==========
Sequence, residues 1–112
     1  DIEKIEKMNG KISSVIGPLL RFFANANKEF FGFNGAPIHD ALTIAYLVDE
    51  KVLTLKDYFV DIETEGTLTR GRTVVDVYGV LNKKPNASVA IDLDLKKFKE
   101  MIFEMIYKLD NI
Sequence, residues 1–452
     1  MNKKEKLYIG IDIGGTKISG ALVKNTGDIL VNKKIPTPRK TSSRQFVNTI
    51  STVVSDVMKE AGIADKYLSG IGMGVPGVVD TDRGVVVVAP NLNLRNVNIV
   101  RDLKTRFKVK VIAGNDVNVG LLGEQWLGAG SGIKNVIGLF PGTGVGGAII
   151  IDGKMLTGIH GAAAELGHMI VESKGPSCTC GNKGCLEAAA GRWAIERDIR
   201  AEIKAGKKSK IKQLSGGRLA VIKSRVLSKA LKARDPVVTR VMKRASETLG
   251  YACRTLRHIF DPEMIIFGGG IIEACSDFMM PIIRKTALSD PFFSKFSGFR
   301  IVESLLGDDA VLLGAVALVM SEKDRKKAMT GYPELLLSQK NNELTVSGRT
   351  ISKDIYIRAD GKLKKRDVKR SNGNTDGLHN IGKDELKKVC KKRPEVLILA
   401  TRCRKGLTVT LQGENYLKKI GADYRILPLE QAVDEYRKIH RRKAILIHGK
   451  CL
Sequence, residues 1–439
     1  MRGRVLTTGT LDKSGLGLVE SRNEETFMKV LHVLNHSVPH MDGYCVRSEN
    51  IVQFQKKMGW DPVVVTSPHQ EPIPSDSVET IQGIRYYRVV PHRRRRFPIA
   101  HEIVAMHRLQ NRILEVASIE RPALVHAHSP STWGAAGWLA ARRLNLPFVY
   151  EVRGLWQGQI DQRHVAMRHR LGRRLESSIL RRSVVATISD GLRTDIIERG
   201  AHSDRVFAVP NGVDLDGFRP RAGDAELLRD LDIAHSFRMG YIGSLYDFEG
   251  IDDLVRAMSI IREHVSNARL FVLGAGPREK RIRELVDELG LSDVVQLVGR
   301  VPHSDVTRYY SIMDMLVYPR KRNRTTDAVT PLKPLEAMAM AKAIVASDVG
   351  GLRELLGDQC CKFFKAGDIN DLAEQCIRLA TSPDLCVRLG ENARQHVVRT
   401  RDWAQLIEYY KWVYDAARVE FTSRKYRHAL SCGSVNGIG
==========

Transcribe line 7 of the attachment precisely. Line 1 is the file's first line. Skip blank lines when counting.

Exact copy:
    51  STVVSDVMKE AGIADKYLSG IGMGVPGVVD TDRGVVVVAP NLNLRNVNIV